First up was the ARRL’s CEO Tom Gallaher, who in a luncheon keynote described the mission of the organization and noted the frequent involvement of the amateur radio community in tracking down and helping to resolve RF interference problems.
Gallaher cited a recent example in Evanston, Ill., where keyless entry/ignition vehicles parked in a certain area of the city had become immobilized and cell phones ceased to operate. He said the Evanston police department initially contacted the FCC for assistance but were referred to the manufacturers of the automobiles. In desperation, the police turned to the amateur radio community for help.
Paul Shulins, director of technical operations at Greater Media Boston, describes testing to evaluate the effect of bitrate reduction on rating service watermarks transmitted with program audio. “They called us and several of our people … discovered that the source of the interference … was a very noisy neon light power supply,” said Gallaher. “The FCC finally did send a field engineer out to inspect, but his car wouldn’t start either.”
He was followed by Ed Hare, chief of the ARRL’s test and measurement lab chief, who continued the noise theme with a detailed description of the ongoing work the organization is doing to help track down “unintentional radiators,” including noisy electrical power lines.
“The utilities have blown us off, have blown the FCC off, have blown the NAB off — and this needs to change,” said Hare.
Noise of a slightly different nature was addressed by the NAB’s David Layer in his presentation “All-Digital AM Co-Channel Interference Test Project.” Those results have been reported in past issues of Radio World.
The symposium featured a special session addressing HD Radio “diversity delay” issues. Presentations included “Synchronizing IBOC Broadcast Components for Constant Diversity” by Nautel’s Philipp Schmid; “HD Radio Diversity Delay Field Observations” by iHeartMedia’s Alan Jurison; “Broadcast System Architecture for Maintaining HD Radio Diversity Delay Alignment” by GatesAir’s Tim Anderson; and “HD Radio Time Alignment” by Ben Barber, president and CEO of Inovonics.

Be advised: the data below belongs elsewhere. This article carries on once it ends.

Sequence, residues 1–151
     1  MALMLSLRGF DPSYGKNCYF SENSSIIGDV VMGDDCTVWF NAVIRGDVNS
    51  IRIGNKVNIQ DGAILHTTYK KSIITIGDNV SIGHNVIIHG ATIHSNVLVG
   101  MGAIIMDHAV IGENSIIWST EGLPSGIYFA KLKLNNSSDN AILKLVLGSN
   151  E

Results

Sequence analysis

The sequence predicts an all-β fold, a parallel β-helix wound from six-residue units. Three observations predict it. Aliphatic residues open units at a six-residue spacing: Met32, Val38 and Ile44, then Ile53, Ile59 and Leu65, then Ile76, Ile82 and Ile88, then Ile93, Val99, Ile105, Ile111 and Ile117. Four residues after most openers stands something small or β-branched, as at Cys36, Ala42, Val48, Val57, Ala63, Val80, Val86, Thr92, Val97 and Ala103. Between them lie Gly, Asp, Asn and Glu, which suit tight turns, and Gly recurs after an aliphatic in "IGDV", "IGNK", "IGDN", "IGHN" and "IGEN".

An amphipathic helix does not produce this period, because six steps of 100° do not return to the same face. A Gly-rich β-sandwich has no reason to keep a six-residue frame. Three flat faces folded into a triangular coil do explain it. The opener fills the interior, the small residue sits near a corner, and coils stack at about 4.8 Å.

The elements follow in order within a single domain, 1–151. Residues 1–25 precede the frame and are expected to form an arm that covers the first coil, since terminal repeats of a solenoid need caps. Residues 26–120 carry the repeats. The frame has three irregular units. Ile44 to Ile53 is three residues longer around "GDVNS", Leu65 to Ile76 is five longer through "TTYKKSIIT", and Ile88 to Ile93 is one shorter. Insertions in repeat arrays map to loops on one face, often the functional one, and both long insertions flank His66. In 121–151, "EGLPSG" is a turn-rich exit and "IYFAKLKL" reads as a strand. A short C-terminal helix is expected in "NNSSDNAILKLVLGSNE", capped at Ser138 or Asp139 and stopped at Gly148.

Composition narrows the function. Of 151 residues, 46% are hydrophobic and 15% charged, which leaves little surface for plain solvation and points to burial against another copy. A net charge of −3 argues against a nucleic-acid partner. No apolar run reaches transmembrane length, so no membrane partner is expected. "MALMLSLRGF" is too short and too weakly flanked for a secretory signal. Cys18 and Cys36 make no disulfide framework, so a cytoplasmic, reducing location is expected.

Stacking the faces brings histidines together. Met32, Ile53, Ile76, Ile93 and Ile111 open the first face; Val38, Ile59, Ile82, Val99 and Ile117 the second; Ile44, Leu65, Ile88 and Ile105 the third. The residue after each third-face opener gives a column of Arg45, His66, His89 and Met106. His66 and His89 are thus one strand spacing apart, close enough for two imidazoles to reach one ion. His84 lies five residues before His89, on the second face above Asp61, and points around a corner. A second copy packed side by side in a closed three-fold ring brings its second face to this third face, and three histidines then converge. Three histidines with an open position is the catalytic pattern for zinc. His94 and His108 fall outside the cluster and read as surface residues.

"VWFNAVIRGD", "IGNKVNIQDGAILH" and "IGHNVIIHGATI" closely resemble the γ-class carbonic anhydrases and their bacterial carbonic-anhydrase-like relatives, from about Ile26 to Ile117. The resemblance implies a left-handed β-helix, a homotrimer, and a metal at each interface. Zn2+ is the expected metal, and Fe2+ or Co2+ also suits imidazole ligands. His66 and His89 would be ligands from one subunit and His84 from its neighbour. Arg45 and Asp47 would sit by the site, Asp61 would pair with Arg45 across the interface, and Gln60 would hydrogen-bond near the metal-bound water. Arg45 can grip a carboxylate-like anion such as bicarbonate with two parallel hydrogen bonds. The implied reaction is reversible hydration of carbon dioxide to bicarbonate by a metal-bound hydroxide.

WATERMARKING AND MORE
Contemporary radio technologies remained in the spotlight with a report on continuing work in implementation of FM single-frequency networks, improvement of FM combiner/filters, and transmission of digital audio from studio to transmitter.
Lynn Claudy of NAB, right, accepts the IEEE Jules Cohen Award for Outstanding Broadcast Engineering from BTS President Bill Hayes. The award is named for the late “dean” of Washington, D.C., broadcast engineers. Also discussed were new methodologies for processing and displaying data from remote monitoring sources, use of FM RDS by power companies in “smart grid” applications and a study of the impact of bit-rate reduction on the “hidden tones” (watermarks) transmitted by stations as part of the Portable People Meter audience rating methodology.
In all, the symposium included some 35 technical presentations.
The event featured a Friday awards ceremony. Joseph Davis, president of Chesapeake RF Consultants, and Tim Laud, senior technical staff member at Zenith Electronics, were presented the Matti S. Siukola Memorial Award, recognizing the best papers delivered at the previous year’s symposium.
Lynn Claudy, NAB senior vice president of technology, was honored at the ceremony as the 2016 recipient of the Jules Cohen Award for Outstanding Broadcast Engineering.
Next year, the BTS Symposium returns to its Washington origin. The Arlington, Va., Holiday Inn will host the event on Oct. 4–6.
James O’Neal is an IEEE Life Member, a member of the Broadcast Technology Society’s Administrative Committee, the BTS historian and editor of BTS quarterly publication Broadcast Technology.